I should start with the formal opening ceremony, even though I was just slightly late, and had to stand behind the big cameras. Never mind, it gave me a chance to take a few of my favorite kind of meta-pictures.
Italy was the country sponsor for the Show this year. Their pavilion was right up front on the show floor, and as usual, was one of the biggest. After the ribbon-cutting, with folks from the Italian Embassy and the Italian Trade Agency, they broke out the Prosecco and finger food.
Meanwhile, in a quiet corner of the pavilion, a chef was turning out handmade pasta.
She was from the Puglia region, and the orecchiette (little ears) pasta are a specialty there.
Staying in the Italian spirit (if not the pavilion), Lidia Bastianich’s booth featured an appearance by Lidia herself, signing ARC’s of her new cookbook. She is part of the great Italian food tradition in this country; although a native of Istria, she has been cooking, running restaurants, teaching, and writing in the US since the 1970’s. She has starred in several television series, and founded Eataly along with Mario Batali.
Her new cookbook, Mastering the Art of Italian Cuisine, is a comprehensive treatment of Italian food and cooking presented with the warm, personal touch she is famous for. The recipe section reminded me of the iconic Silver Spoon in its wide coverage of materials, but with the addition of advice on ingredients and techniques, it’s like having an Italian nonna cooking along with you.
I had to rouse early for a morning talk by Doug Rauch, former president of Trader Joe’s, about attacking two global issues, food waste and food deserts, with one elegant solution: he has launched a new venture to supply healthy food to under-served areas of inner cities by repurposing “unsellable” ugly produce and expired but totally edible packaged goods.
The Federally-mandated expiration codes are partly to blame, as they are extremely conservative and unnecessarily ubiquitous. He hit us with an extreme example. “What’s the shelf-life of honey?” he asked, possibly rhetorically. This audience, though, was ready for him. They responded, in unison: “Forever!” (True!)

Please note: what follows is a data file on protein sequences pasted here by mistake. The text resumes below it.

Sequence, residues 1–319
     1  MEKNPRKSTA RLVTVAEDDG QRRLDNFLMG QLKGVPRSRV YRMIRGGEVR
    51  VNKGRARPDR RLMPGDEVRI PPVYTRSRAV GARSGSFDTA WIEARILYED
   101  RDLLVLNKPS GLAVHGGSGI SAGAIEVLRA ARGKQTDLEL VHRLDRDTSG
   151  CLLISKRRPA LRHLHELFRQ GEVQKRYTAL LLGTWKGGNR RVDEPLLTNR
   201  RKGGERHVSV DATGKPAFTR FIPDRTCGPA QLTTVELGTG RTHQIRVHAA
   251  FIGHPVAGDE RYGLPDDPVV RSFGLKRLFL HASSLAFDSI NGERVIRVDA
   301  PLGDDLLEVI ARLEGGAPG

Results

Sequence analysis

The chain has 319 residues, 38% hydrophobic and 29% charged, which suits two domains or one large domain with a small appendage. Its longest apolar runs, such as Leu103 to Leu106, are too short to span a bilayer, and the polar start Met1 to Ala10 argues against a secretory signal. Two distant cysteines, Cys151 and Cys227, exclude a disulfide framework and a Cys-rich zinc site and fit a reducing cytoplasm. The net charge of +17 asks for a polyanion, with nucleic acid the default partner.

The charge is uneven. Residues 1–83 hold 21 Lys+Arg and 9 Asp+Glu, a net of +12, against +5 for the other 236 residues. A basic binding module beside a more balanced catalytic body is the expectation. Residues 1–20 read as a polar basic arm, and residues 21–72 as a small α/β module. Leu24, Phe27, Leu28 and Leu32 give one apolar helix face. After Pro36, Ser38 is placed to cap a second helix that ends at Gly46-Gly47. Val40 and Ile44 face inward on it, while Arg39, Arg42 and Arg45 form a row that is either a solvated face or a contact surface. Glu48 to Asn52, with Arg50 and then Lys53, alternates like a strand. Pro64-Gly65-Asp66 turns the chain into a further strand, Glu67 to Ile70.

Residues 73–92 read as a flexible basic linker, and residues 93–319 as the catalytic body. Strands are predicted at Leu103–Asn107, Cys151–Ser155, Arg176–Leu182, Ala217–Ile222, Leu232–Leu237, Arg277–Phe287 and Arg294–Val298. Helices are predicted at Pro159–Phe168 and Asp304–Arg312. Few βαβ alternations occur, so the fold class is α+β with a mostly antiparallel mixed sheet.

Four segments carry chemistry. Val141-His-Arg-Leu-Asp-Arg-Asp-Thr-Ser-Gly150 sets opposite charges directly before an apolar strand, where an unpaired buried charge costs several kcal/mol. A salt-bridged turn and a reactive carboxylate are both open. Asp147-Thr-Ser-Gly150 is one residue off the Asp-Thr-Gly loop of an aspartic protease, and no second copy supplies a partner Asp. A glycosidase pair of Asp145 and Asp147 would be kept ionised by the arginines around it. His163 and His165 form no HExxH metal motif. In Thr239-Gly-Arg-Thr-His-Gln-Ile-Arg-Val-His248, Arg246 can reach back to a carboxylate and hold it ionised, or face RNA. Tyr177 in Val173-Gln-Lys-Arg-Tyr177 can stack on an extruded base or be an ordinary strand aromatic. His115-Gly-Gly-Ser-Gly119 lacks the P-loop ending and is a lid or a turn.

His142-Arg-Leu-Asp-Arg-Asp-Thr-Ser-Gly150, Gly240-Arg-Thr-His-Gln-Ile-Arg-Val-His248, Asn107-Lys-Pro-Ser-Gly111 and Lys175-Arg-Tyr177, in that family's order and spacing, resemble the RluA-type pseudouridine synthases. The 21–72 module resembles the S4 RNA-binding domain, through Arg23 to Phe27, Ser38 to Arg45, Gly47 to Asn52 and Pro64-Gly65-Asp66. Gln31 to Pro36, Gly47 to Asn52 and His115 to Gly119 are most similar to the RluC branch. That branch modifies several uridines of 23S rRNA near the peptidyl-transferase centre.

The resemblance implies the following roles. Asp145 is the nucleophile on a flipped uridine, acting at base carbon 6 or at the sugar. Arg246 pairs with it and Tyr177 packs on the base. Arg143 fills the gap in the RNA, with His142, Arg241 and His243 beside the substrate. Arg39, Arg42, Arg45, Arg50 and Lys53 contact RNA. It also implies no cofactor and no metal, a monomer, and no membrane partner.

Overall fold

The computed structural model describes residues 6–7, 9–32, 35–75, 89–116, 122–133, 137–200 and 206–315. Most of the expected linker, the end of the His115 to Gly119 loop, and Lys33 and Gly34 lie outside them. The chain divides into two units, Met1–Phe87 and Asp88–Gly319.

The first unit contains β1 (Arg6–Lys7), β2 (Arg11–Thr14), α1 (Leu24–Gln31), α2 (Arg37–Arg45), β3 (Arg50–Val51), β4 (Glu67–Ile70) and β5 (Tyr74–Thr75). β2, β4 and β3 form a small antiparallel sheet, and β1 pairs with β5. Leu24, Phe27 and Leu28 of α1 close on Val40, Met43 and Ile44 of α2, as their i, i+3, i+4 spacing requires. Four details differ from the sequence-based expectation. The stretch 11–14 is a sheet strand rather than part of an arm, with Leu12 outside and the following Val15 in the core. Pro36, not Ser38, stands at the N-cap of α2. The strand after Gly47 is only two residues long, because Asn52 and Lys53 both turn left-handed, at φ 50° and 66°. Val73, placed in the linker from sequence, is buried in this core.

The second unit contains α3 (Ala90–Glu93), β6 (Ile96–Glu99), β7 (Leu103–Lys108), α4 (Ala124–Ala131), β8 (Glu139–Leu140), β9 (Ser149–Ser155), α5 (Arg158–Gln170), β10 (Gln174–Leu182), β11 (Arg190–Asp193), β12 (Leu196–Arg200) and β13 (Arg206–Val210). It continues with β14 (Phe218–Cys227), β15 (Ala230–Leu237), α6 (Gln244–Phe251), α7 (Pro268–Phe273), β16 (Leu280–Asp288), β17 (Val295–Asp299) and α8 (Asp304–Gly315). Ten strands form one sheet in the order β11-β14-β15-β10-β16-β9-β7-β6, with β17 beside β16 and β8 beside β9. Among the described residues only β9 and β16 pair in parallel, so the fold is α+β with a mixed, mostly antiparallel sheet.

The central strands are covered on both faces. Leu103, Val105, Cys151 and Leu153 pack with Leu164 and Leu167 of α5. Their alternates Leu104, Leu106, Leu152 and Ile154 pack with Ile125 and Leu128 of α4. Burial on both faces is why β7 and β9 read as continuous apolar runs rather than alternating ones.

We heard all about his plans for retail stores to purvey healthy, wholesome, affordable excess food in food deserts, with participation by customers to give them agency and engender dignity. He calls it “conscious capitalism.” I call it terrific.
And speaking of terrific (and totally non-ironic contrast), the party thrown by Urbani Truffles was the social highlight of the show, at least for me. Presided over by Olga Urbani, it started on the roof of a building with great views of the city, with Prosecco flowing and appetizers provided by Brooklyn artisanal producers,
and as the sunset faded, processed downstairs to the party room complete with disco balls, a DJ, video projection,
and, why yes, caviar. Specifically, a “caviar bar” with three choices, presided over by an expert from Calvisius Caviar, dispensing knowledge and loving spoonfuls.
Eventually, I tore myself away from there to the other side of the room, where there were actual dishes made with the ingredient of honor. Truffles with casarecci (pasta), truffles with lamb, even tiramisu with truffles for dessert.
Oh, there were also some appetizers, as well as an open bar, but I think you can discern my priorities!
For party favors, there were little boxes stacked at the door. They contained truffle-flavored chocolates – yup, truffled truffles.
Next – One more post on the show.